In Japan, nude mixed bathing was the norm at public baths until the Meiji Restoration when sex segregation was strictly enforced at sentō-type baths. In prefectures that permit mixed bathing, some rural onsen-type mixed baths require participants to be nude.
- Garrett G. Fagan, Bathing in Public in the Roman World (University of Michigan Press, 1999, 2002), pp. 26–27.
- Bird, Polly (1993), Making a Splash; The History of Dulwich Baths, Spencer Mills, ISBN 0-9521637-0-5
- Melbourne City Baths
- Cohen, Michael (December 2005), "Swimming Naked at MGS" (PDF), The Mancunian, Old Mancunians, archived from the original (PDF) on 2012-06-17, retrieved 2007-11-27. From about 1930 until at least the 1970s.
- Naked in High School: Bad Dreams Do Come True, National Public Radio, August 1, 2006, retrieved 2007-11-27
- Nude Swimming at Johnston JHS, 1959 to 61, October 15, 2007, retrieved 2007-11-27 From about 1951 to 1970?
- Richard Mervyn Hare (1971). Essays on Philosophical Method, Volume 275. University of California Press. p. 127. ISBN 9780520021785. Retrieved 24 October 2011.
The ordinary man in the early twentieth century thought that mixed bathing was wrong simply because that view had been effectively preached to him from his earliest years; on the other hand, the utilitarian may think that there is nothing wrong in it because he has thought the question out in the way described above, putting himself in the place of all those affected, and decided that he can best serve their interests by rejecting the prohibition on mixed bathing, because, as he says, it does nobody any harm.
- The International Journal of the History of Sport, Volume 24, Issues 5-8. Taylor & Francis. 2007. p. 598. Retrieved 24 October 2011.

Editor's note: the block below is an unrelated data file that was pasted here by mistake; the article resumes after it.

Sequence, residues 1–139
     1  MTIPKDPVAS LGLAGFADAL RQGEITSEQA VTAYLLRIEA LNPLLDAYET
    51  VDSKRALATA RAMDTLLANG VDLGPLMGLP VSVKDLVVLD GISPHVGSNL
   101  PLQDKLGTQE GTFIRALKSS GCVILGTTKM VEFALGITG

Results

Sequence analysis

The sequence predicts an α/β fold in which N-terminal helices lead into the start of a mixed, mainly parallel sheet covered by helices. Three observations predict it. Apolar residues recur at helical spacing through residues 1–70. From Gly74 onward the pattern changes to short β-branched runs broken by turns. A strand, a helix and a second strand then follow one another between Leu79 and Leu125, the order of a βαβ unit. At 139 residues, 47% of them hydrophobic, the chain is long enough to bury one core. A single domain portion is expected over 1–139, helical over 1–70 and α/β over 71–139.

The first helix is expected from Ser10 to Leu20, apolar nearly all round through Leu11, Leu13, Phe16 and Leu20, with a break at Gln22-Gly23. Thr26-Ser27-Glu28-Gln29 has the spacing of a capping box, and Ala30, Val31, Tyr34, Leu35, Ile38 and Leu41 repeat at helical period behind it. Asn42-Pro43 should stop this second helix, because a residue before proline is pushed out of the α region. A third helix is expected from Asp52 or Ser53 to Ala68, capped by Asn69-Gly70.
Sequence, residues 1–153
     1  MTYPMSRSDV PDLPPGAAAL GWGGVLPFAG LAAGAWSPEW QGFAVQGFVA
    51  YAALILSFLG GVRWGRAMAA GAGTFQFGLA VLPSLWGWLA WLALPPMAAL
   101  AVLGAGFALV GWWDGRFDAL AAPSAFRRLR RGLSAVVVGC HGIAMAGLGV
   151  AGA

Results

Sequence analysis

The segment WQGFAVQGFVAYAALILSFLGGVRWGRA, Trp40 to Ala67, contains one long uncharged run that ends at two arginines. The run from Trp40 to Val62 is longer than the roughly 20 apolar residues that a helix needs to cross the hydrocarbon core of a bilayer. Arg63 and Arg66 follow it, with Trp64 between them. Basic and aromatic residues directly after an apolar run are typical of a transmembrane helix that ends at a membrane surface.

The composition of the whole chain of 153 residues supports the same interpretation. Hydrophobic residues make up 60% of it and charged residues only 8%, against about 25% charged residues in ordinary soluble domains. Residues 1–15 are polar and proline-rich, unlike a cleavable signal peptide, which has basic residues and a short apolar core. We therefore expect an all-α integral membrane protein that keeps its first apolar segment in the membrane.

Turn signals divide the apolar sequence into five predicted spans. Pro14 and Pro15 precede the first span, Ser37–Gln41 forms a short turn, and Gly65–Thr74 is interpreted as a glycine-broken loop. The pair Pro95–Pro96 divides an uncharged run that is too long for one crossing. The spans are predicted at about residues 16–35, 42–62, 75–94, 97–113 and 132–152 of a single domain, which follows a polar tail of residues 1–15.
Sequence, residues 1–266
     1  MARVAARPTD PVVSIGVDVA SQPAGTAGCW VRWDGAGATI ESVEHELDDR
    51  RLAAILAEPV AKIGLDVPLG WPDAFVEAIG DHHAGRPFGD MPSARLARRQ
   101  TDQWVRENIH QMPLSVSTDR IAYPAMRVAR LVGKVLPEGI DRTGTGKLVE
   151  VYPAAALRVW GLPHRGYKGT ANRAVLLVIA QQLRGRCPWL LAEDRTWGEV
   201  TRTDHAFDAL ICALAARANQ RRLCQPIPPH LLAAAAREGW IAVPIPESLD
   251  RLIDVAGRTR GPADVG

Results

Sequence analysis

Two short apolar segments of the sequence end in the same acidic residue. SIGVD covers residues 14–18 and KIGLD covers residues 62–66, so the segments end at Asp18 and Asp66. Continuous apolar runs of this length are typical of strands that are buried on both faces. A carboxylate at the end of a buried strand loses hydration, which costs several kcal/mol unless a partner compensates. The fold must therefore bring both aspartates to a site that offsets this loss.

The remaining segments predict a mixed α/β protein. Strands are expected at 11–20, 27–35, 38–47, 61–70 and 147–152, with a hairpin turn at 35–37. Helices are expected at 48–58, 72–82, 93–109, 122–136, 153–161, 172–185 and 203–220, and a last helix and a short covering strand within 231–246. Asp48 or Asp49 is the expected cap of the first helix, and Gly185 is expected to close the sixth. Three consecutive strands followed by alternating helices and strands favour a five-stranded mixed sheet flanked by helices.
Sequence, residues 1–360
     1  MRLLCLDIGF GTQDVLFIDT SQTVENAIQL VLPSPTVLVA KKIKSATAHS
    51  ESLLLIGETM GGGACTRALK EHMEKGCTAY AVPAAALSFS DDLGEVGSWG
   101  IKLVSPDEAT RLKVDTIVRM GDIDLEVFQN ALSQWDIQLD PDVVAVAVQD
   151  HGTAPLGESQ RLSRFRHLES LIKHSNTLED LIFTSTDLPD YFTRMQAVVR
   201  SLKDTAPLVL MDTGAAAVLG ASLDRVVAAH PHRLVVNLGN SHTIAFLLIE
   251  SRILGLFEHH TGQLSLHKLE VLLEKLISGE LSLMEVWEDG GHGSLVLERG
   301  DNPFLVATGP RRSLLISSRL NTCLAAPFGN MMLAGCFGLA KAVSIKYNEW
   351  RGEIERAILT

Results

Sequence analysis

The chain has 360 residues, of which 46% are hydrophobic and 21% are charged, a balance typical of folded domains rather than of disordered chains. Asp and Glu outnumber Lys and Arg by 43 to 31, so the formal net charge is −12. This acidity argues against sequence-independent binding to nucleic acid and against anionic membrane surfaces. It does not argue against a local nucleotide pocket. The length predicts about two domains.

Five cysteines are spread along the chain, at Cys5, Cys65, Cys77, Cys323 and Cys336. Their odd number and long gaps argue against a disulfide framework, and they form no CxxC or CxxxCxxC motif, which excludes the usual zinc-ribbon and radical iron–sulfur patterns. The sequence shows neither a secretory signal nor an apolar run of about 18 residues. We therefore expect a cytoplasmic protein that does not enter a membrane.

The question of mixed bathing and swimming remained a very vexed one throughout the period. As has already been mentioned, prior to 1800 it would appear that mixed bathing, while not common, did take place from time to time.
- Toameh, Khaled Abu (19 September 2010). "Gaza water park burned down after shut down by Hamas". Jerusalem Post.
- "Gaza water park torched after shuttered by Hamas". Jerusalem Post. Associated Press. 19 September 2010.
- "Gaza: Assailants set fire to water park". Ma'an News Agency. 19 September 2010. Archived from the original on 10 October 2013.
- Stefanie Hoss (2005). Baths and bathing: the culture of bathing and the baths and thermae in Palestine from the Hasmoneans to the Moslem conquest ; with an appendix on Jewish rituals baths (miqva'ot). Archæopress. p. 77. Retrieved 24 October 2011.
It is very likely that the non-Jewish population rejected mixed bathing just as much as the Jewish population did.
- The Discipline of the Evangelical Wesleyan Church. Evangelical Wesleyan Church. 2015. pp. 60–61.
- John R. Rice (August 2000). Amusements for Christians. Sword of the Lord Publishers. p. 25. ISBN 9780873980128. Retrieved 24 October 2011.
On the other hand, fundamentally sound and devoted Christians in the South are nearly always shocked when they find that fundamental Christians in the North have mixed bathing at their summer Bible conferences, and elsewhere Christian men and women and young people go swimming together and sometimes do not feel it is wrong.
- "Japan's Konyoku (mixed gender) Onsen Best 100". Konyoku.org. Archived from the original on March 4, 2016. Retrieved January 11, 2014.